The king of fish is salmon. In Norway, salmon is eaten in a thousand ways. In addition to the classics of marinated salmon and smoked salmon, we find a lot of dishes with salmon, often in cold buffets, and also in hot dishes like pepper salmon, salmon with vegetables and baked salmon.

It is difficult to convey in a few lines in this post the incredible quality of this salmon, Norwegian salmon being a product that we also usually eat in Spain, but I will tell you that I have never tasted so much variety and such quality of salmon before making this trip.

Even if you know it well enough, this product will undoubtedly be one of the stars of Norwegian gastronomy when you visit this country. I suppose it is a sensation similar to that of the tourist who has tried ham in his country and comes to Spain for the first time and visits the area of ​​Jabugo in Huelva or Los Pedroches in Córdoba, for example, and tries the Iberian ham recently. cut with a knife.

Cod also requires a separate chapter. This fish, which is caught throughout the area, is used in various ways in the country. On the one hand, fresh cod, skrei cod that is usually caught in the area of Lofoten Islands, is one of the gastronomic treasures of Norway.

On the other hand, wind-dried cod are traditional throughout the north where we find numerous palisades or grids prepared to carry out this drying task. Even in private homes it is common to have some fish on the window, hanging to dry.

Cod and other fish such as pollock are dried with this technique, losing almost 80% of their water thanks to the action of the wind and the sun. This dried fish called Tørrfisk it can be eaten directly, biting off a piece and chewing it, or using it to make stews after rehydration as in the case of salted cod.

As for the seafood, I had the opportunity to try the prawns, mussels and some clams, but what I will never be able to forget is the King Crab, the King Crab, a real delicacy that should be an essential in every visit to Norway because the meat fine and white of this animal is a real delight.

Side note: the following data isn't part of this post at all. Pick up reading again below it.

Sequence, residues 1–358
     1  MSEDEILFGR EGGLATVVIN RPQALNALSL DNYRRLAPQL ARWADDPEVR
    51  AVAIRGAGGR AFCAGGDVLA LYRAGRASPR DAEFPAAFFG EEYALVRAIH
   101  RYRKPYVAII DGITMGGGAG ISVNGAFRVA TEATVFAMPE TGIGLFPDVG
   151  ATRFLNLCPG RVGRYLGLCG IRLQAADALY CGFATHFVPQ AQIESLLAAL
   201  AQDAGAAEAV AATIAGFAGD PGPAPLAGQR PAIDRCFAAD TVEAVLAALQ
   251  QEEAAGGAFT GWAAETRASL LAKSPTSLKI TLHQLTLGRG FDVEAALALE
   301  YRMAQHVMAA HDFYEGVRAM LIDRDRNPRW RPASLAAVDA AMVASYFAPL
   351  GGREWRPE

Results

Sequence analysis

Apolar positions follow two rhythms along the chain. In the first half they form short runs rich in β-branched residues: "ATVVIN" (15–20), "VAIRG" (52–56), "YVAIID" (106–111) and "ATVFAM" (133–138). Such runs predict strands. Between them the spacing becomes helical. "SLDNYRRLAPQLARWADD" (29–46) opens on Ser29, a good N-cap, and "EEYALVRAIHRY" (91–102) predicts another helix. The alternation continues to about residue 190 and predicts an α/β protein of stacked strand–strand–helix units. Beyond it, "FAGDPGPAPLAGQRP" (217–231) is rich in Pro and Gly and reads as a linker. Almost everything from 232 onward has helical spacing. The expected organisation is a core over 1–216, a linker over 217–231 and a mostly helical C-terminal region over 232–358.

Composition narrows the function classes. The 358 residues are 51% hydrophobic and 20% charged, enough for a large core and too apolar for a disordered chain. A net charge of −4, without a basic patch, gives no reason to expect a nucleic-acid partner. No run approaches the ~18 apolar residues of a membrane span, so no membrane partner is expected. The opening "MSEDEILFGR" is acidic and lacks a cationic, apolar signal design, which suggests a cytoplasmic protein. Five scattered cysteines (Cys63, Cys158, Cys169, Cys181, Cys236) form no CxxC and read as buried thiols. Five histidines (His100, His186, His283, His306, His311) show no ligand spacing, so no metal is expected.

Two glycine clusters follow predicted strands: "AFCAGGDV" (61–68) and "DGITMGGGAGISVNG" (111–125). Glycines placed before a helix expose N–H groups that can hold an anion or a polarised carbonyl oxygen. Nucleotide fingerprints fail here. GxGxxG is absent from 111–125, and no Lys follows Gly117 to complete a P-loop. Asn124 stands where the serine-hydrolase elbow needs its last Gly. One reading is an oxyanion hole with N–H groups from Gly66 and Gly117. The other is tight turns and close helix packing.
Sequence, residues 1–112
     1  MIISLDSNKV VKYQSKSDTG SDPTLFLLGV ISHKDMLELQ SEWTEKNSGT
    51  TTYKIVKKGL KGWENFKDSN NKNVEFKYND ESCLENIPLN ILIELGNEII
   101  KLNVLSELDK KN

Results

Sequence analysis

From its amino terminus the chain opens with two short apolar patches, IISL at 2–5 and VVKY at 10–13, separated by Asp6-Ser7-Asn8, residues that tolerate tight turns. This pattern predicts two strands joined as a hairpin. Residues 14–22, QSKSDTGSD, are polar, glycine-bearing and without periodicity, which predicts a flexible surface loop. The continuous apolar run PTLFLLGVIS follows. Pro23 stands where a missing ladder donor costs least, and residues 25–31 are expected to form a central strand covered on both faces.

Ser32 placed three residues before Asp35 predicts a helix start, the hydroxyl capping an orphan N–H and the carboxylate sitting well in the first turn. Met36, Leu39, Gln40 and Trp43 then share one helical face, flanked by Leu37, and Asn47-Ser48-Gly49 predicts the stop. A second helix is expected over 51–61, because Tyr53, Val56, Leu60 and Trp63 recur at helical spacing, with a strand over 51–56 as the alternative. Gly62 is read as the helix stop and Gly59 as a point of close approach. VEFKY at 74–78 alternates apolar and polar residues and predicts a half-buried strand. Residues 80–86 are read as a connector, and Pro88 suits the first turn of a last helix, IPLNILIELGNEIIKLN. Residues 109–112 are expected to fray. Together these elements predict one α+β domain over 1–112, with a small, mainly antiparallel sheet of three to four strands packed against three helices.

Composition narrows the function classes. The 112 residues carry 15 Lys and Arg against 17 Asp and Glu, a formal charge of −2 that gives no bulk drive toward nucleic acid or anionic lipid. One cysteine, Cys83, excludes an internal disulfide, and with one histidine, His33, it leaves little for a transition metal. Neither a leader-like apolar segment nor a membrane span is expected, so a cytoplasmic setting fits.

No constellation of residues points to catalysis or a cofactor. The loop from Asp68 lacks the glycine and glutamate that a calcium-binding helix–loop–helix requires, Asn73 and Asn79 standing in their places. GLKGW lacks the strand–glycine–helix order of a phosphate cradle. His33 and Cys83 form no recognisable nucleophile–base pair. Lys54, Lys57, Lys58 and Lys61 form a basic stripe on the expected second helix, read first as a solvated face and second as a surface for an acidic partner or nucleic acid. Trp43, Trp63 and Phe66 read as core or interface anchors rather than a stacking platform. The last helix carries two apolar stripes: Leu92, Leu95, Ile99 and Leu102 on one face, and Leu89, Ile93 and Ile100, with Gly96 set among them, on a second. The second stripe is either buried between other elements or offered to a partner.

In the Diario del Viajero blog I tell you about the whole experience of a King Crab Safari. There you can appreciate their size in detail, and also see how they prepare them by cooking them over a fire in the center of a store of the Lapps or Samis.

Desserts and sweets

To finish off this global vision of food in northern Norway, I just need to talk about sweets. In general, the desserts I have had during the week I visited Norway were similar to those I have had anywhere else in Europe. Among the highlights a very rich creme brulee that I tried in Tromso or the wonderful waffle with sour cream and red berry jam that I enjoyed waiting for midnight in North Cape.

Soon I will publish an entry about the best restaurants in the area to have a complete vision of Norwegian cuisine, which as you can see, goes beyond the classic Norwegian salmon, skrei cod or the delicious king crab or King Crab. I hope this information is useful for you if this year you decide to discover another form of tourism in northern Europe.

More information | Eating in Norway
Directly to the Palate | Sautéed mushrooms and salmon with fake black garlic aioli. Light recipe
Directly to the Palate | Norwegian salmon meatballs in dill sauce. Light recipe